Revenue forecast improves odds that Legislature will finish on time

There is also no excuse for failing to enact longer-term budget reforms.

For the first time since lawmakers adjourned the "budget balancing" special session last December without actually balancing the budget, there is a glimmer of hope that they'll be able to get the job done during the remaining 21 days of the 2012 Regular Session. 

This new found optimism is due to the news this week that the state caseload forecast is expected to drop costs by $340 million due to reforms enacted last year and today's news of a $96 million increase in the revenue forecast.

Here is the new outlook for state revenues):

  • 2011-13: $30,284,000,000
  • 2009-11: $28,218,000,000
  • Increase: $2,066,000,000 or 7.3%.

From today's revenue forecast:

Our current economic forecast is very similar to our November forecast, with the same muddle-through conditions expected for the rest of the biennium, along with a high degree of downside risk. Factors outside the state are the biggest threat to the U.S. and Washington economies. It is likely that Europe will enter another recession or is already in one. If the sovereign debt crisis leads to a financial crisis, the U.S. economy is likely to enter a new recession as well. The weakness in Europe has contributed to a slowdown in Asia, a concern for Washington exporters.

The Washington economy is recovering about as expected in the November forecast. There have been no major developments since November that have altered the outlook significantly. The state’s economy is narrowly outperforming the U.S. economy and we expect that trend to continue.

Forecast changes due to economic conditions, including revenue already collected, added $32.2 million, for a total increase of $95.7 million above the November forecast. General Fund- State revenue for the 2011-13 biennium is now forecasted at $30.284 billion.

The initial forecast of General Fund-State revenue for the 2013-15 biennium is $32.294 billion, an increase of 6.6 percent from the revenue of the current biennium.

This $436 million swing in the state's budget outlook should end discussion of sending voters a tax package. Most of the tax packages being discussed were in the range of $500 million such as the sales tax increase proposed by the governor.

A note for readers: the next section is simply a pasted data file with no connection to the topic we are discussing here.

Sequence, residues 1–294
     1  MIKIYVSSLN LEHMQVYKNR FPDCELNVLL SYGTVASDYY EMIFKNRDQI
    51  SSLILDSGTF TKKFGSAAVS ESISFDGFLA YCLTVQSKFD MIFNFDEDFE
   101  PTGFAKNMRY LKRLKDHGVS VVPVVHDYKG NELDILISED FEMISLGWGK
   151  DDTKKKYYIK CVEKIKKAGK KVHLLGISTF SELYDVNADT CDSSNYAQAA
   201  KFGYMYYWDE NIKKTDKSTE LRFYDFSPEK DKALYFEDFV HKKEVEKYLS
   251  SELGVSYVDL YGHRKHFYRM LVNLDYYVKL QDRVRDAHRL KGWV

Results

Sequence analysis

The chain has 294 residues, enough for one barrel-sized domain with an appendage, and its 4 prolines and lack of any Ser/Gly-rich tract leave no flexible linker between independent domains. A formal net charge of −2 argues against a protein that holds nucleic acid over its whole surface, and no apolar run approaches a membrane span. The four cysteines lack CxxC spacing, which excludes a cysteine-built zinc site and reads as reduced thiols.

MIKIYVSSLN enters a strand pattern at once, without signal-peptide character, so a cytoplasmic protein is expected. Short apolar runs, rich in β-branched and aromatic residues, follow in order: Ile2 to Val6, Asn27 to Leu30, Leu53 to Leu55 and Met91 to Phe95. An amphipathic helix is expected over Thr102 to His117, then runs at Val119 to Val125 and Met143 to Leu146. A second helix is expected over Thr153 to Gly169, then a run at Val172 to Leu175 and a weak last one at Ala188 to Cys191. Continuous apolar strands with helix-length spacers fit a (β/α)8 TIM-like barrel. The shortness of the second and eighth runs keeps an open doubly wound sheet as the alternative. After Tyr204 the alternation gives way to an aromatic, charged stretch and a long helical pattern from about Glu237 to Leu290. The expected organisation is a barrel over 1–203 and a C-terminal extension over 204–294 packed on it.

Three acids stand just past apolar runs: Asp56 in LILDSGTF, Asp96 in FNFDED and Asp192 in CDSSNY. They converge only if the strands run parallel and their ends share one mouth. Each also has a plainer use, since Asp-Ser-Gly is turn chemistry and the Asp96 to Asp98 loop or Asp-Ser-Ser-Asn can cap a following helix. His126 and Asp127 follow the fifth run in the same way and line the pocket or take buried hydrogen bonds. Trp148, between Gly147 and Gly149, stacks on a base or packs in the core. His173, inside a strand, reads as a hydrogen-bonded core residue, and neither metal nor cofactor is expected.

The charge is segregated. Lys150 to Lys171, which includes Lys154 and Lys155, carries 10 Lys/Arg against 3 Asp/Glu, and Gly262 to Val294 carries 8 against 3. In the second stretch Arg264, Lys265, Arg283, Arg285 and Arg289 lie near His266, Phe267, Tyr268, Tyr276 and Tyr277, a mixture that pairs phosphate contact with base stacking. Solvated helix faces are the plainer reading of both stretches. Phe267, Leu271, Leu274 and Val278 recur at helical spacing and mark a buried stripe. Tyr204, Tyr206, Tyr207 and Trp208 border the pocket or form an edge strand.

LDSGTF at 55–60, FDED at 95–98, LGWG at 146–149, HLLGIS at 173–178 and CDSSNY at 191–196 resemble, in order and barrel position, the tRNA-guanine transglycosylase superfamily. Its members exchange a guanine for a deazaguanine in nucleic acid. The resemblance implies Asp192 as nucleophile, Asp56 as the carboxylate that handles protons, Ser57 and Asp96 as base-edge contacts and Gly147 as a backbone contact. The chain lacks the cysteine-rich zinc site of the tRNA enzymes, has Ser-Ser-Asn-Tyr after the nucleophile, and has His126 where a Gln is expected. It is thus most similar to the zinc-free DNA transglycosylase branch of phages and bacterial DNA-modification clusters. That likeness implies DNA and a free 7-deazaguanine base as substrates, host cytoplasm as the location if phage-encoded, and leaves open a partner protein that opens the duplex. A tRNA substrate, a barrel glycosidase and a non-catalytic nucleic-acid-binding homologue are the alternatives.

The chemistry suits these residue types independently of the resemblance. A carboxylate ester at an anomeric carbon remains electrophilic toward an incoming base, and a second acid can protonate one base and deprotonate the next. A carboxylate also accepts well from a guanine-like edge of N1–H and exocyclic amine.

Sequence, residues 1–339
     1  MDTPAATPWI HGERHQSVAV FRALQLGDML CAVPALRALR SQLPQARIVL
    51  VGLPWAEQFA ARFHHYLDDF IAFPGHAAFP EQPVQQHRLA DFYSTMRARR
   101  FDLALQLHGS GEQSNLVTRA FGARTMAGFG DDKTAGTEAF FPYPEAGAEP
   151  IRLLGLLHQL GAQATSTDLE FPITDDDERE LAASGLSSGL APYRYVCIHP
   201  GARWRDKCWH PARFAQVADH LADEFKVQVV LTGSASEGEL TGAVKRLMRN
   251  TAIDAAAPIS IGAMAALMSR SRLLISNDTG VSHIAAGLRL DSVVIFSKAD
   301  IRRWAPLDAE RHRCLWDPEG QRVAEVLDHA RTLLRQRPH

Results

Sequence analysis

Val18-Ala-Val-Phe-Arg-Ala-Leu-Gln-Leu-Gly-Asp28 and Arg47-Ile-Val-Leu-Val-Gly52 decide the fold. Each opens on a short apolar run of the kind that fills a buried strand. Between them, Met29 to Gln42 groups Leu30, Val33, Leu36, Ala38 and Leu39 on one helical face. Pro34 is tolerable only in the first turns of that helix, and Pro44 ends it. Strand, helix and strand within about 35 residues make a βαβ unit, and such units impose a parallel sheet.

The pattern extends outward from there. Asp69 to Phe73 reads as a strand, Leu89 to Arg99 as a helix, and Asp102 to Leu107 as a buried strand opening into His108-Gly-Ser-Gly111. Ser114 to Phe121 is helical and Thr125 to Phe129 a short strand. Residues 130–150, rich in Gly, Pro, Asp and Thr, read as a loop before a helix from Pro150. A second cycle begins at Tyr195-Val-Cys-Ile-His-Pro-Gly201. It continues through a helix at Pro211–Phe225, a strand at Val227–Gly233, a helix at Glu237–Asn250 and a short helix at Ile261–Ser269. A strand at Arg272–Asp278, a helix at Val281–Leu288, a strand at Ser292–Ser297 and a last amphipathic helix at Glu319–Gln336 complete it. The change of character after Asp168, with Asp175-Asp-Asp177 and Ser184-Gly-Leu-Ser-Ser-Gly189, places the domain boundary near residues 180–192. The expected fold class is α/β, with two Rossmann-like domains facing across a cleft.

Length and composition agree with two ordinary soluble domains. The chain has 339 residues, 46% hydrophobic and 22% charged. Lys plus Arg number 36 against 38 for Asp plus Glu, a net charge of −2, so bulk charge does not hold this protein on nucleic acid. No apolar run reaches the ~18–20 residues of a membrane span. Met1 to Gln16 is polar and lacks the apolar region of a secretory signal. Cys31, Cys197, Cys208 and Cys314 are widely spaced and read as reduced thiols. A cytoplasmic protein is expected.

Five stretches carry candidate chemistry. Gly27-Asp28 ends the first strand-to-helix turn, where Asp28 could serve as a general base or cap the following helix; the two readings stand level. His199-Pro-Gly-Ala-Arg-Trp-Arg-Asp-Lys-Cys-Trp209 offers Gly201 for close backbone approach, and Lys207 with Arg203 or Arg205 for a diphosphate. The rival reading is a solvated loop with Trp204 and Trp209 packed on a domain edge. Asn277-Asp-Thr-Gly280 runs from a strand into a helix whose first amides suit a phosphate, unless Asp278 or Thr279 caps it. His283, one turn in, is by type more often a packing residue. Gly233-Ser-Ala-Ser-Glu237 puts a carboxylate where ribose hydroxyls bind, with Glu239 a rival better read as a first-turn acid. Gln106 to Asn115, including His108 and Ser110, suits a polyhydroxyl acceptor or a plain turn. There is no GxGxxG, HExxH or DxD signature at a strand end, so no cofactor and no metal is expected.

Lawmakers still intent on going to the ballot with a tax increase proposal should keep this tax ballot history in mind: With the exception of targeted sin taxes in 2001 and 1994 and a 911 tax in 1991, voters haven't been kind to tax increases proposals on the ballot.

While tax increases and "felony" budget gimmicks should now be off the table, structural reforms are still vitally needed to avoid enacting a "balanced" budget that results in a projected multi-billion dollar deficit in the next budget.

If all the Legislature does is balance the budget for 2011-13, this session will be a failure. We need lawmakers to finally provide predictability to clients of state services, citizens, and businesses by demonstrating they are putting the state’s budget roller coaster out of service. That’s where the structural reform conversation needs to focus and should go hand in hand with any short-term budget solution that is adopted.

With the $436 million improvement in the state's budget outlook from the revenue and caseload forecasts, there are no more excuses for not getting done on-time while also enacting structural reforms such as SJR 8222 (4-yr balanced budgets) and HB 2607 (6-yr budget outlooks) to help keep the focus of spending decisions on the long-term impacts to the state's fiscal health.

This story originally appeared on the Washington Policy Center's Washington Policy Blog and is reprinted with permission.

Jason Mercier is director of the Center for Government Reform at Washington Policy Center, a non-partisan independent policy research organization in Washington state. For more information visit washingtonpolicy.org.


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